Tips from the trenches
No way around it, the first night in foster care is hard. Remember its okay to have rules, but be flexible and above all – be KIND. It is worth its weight in gold to start your relationship off on a good note.
Every question they ask is a good one. I like to let them know if another kid I have had, had the same question. It lets them know that other kids have lived here and moved on, it also lets them know they are not alone and not crazy for wondering about that thing.
Give choices whenever possible, ask if they want to see the upstairs or downstairs first, let them choose between two snacks or two pajamas, or should we watch some TV first or play this came first? Kids catch on quick and ask for the choices.
Use your own name and the names of those who live in your house a lot at first. They have met a lot of new faces today, you can’t assume they remember your names. Also, let them call you what they like.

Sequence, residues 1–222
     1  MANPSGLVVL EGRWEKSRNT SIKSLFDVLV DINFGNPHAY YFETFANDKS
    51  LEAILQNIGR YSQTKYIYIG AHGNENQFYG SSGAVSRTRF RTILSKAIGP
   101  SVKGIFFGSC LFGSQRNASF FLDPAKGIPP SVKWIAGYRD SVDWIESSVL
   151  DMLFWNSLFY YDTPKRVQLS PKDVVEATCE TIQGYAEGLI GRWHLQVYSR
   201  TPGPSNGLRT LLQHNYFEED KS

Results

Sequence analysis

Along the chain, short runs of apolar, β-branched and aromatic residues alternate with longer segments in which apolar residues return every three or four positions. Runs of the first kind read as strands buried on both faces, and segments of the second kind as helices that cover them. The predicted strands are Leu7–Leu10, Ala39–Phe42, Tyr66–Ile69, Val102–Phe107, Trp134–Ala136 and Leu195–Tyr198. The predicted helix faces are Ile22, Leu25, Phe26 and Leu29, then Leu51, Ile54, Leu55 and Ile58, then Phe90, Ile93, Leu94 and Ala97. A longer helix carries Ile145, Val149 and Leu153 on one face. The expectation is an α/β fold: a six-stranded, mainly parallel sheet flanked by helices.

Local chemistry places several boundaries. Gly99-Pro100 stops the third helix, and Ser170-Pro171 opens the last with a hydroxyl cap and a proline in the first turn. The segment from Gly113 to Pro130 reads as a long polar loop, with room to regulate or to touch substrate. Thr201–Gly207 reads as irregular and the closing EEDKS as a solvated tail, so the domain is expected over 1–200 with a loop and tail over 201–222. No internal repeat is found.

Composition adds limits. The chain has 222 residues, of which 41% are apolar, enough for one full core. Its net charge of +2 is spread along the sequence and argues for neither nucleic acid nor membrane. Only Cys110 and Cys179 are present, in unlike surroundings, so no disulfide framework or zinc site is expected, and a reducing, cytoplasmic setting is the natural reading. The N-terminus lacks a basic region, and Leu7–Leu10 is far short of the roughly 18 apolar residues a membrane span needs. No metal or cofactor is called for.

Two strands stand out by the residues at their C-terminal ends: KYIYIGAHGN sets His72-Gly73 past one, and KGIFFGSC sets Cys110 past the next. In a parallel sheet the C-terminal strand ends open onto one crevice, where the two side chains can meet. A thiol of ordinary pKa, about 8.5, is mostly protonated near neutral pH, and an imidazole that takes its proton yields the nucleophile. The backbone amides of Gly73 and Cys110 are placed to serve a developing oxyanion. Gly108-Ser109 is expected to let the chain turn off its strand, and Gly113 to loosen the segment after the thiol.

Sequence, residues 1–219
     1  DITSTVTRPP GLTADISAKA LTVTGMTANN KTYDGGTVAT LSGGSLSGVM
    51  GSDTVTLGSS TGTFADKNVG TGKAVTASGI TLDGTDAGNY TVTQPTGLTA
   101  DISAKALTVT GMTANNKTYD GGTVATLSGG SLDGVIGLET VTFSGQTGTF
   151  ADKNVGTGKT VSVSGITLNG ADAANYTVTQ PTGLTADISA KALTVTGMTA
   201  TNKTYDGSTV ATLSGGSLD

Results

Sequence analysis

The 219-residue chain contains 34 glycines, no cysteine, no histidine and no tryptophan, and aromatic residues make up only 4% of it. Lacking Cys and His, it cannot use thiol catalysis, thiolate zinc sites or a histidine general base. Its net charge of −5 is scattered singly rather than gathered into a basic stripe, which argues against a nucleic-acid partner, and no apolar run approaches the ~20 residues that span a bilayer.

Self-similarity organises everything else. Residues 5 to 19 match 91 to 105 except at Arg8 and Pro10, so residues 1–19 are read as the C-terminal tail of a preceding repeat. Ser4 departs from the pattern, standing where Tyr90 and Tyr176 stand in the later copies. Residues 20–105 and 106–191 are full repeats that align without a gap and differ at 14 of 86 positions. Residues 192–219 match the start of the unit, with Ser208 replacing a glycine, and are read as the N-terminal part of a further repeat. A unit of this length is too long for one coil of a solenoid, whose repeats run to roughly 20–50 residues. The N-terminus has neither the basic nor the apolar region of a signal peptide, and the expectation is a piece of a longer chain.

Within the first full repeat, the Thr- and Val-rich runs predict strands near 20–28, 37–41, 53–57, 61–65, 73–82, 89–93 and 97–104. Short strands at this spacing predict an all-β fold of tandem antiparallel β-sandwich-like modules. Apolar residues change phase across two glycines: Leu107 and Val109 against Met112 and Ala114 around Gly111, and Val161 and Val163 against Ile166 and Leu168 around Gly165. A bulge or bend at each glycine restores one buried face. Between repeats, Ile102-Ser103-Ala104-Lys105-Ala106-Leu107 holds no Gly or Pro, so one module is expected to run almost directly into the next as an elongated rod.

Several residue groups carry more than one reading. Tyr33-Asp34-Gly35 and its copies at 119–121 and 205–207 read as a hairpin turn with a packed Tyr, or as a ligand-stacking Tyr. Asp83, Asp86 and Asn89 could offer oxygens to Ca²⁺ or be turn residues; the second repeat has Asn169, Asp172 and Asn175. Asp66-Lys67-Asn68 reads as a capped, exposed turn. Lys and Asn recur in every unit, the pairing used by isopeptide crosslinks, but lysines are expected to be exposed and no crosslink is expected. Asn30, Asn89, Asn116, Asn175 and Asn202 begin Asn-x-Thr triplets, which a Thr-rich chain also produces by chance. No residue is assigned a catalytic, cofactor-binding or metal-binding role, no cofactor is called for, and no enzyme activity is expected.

Most of my foster kids have called me Alisa, some have called me Mom from day one. I remind them we’re not sure what the plan is (if I will be their Mom, most of the time that isn’t the plan), but if that’s what they want to do, that’s okay.
When getting to know a new foster kiddo say, “What questions do you have,” way more than you think necessary. Cause they have a billion of questions, but it’ll take a while to get up the courage to ask you.
On food, always have peanut butter, bread & fruit in the house. If a child doesn’t like what you made or how you made it, let them know they can always make a sandwich for themselves or have fruit. That way the alternative is a not very exciting, yet a viable, nutritious option, without you becoming a short-order cook.
Let them know about any security features on the house, motion detectors, door alarms, etc. It would be SO scary for them to find out about those on accident when they got up to get a snack.
A few of you asked about bedbugs and lice and how to deal with them… I might do a separate post about this… but my short answer is, know at some point you might have to deal with both, but..
PLEASE DO NOT have foster kids undress in a garage or store their things outside because they are “dirty”. Put yourselves back into the shoes of the child and take a step back.